New Delhi [India], September 6 (ANI): After a gap of more than five months, the Delhi Metro Rail Corporation (DMRC) is all set to welcome passengers in a phased manner in three stages beginning from September 7.
The Metro, which had suspended its services in March due to outbreak of Covid is looking to reopen with caution putting into place a series of measures such as closed token counters, limited entry and exit points, thermal scanners and sanitisers among others to enable commuters to adhere to COVID social distancing protocols. On Monday the Yellow Line (Samyapur Badli to HUDA City Centre) will be opened. Over a period of next five days i.e, by 12th September, rest of the Lines will also be made operational with all safety measures in place to check the spread of Covid-19 in the Metro premises which requires everyone to follow a new normal of social distancing, face mask and hand sanitisation.
This morning at Rajiv Chowk metro, one of the capital’s busiest interchange station, workers carried out santisation drive. They cleaned benches, lifts and floors but also the metal barricades placed at the platforms.
As a precautionary measure and to avoid human contact, automatic thermal scanners have been placed at the platforms along with sanitizer dispensing machines for the passengers and the staff. Notably, tokens will not be permitted for travelling, only smart cards will be allowed.
Delhi Transport Minister Kailash Gahlot visited Rajiv Chowk to take stock of preparations. “I am happy that the people of Delhi will again be able to travel by metro after five months. I request people to follow all the protocols and not to compromise on social distancing norm while standing at the platforms and also inside the train. I would also urge them to avoid travel if they are no required. In Delhi, the COVID-19 situation is under control. Our recovery rate is good,” he said.
Also, arrangements have been made for the passengers to sit on alternate seats in the train or stand, maintaining a gap of one meter. Stripe markers have also been provided at all queuing area like frisking, ticketing, AFC gates, lift, escalators.
CISF personnel deployed at the metro stations have been tasked with keeping ahawk-eyed vigil on the travellers flouting norms along with security checking and dog squads patrolling. They have been provided not only with the masks but also the face shields to protect themselves from falling prey to the deadly virus.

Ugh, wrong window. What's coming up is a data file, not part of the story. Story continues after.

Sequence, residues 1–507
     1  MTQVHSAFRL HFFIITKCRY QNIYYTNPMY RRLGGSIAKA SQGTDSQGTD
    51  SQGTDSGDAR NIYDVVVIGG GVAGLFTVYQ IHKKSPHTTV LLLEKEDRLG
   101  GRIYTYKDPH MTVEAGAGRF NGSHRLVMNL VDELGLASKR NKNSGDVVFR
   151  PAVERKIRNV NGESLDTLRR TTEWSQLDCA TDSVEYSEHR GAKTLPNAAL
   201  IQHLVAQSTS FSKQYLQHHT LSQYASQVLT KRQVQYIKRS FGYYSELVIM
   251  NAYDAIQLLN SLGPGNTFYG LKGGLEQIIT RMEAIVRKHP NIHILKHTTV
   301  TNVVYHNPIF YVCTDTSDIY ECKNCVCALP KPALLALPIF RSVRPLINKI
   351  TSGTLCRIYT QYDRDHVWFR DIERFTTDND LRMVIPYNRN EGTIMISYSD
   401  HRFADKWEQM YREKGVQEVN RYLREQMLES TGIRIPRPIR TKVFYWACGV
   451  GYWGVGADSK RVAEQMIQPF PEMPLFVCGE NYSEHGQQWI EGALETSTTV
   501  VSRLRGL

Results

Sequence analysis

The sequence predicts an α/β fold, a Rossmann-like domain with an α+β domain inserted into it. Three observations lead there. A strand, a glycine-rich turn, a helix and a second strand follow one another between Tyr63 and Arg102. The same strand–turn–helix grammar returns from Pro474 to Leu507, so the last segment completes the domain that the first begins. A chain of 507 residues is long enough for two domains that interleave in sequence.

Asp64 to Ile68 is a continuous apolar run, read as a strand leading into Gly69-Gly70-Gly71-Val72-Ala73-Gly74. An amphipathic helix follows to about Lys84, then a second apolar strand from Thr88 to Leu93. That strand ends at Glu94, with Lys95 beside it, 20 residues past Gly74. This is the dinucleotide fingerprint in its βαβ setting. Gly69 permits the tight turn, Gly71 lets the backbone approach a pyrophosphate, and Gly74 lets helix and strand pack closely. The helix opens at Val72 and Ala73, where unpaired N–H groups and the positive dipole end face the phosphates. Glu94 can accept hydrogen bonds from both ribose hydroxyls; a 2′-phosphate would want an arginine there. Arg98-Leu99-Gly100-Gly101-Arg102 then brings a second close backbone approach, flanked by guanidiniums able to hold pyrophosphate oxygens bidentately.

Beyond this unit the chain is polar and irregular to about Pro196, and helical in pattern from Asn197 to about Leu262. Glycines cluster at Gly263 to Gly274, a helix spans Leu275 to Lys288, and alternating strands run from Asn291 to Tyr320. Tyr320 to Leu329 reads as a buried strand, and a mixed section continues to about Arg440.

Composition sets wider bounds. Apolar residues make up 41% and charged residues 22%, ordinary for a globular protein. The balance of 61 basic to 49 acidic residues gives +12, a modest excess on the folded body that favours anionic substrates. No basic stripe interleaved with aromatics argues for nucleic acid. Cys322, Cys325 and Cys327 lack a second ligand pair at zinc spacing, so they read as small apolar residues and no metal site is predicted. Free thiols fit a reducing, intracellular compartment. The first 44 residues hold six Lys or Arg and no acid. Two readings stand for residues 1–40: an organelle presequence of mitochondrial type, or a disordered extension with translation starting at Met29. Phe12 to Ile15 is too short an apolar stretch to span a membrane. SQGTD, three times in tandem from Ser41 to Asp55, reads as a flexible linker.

As per the DMRC guidelines, trains will be sanitised at terminal stations. Similarly, once they are back to Depots after the end of the day, the trains will again be thoroughly sanitised. Also, the train doors will be kept open at terminal stations to let fresh air into the trains.
Notably, after the Central government suspended the metro rail services in the last week of March, commuters hopped were compelled to use other public transport such as private cab services and buses in Delhi. Many of them had to wait for hours as transportation was regulated due to the pandemic. On receiving complaints from the scores of people, the Delhi government later allowed e-rickshaws, auto-rickshaws, cycle rickshaws to ply on roads with a single passenger for hassle-free commuting.
Initially, the metro will be run in two slots — 7 am to 11 am and 4 pm to 8 pm till September 10. Only Yellow Line of Delhi Metro railways — from Samaypur Badli to Huda City Centre — will be operational in phase I. From September 11, the train will run from 7 am to 1 pm, 4 pm to 10 pm. Delhi Metro will run from 6 am to 11 pm from September 12. The other routes of Delhi Metro — Blue Line, Pink Line and Gurgaon Line — will start operating from September 9.
To maintain orderliness and regulate flow of passengers with social distancing norms, only one or two gates will be kept open for entry /exit of passengers at a station.
Apart from regular frontline staff at the stations, DMRC has made additional deployment of around 1000 officials/staff across the line(s)/network to assist and guide passengers in the wake of new norms of Metro travel which may take some time to settle in. (ANI)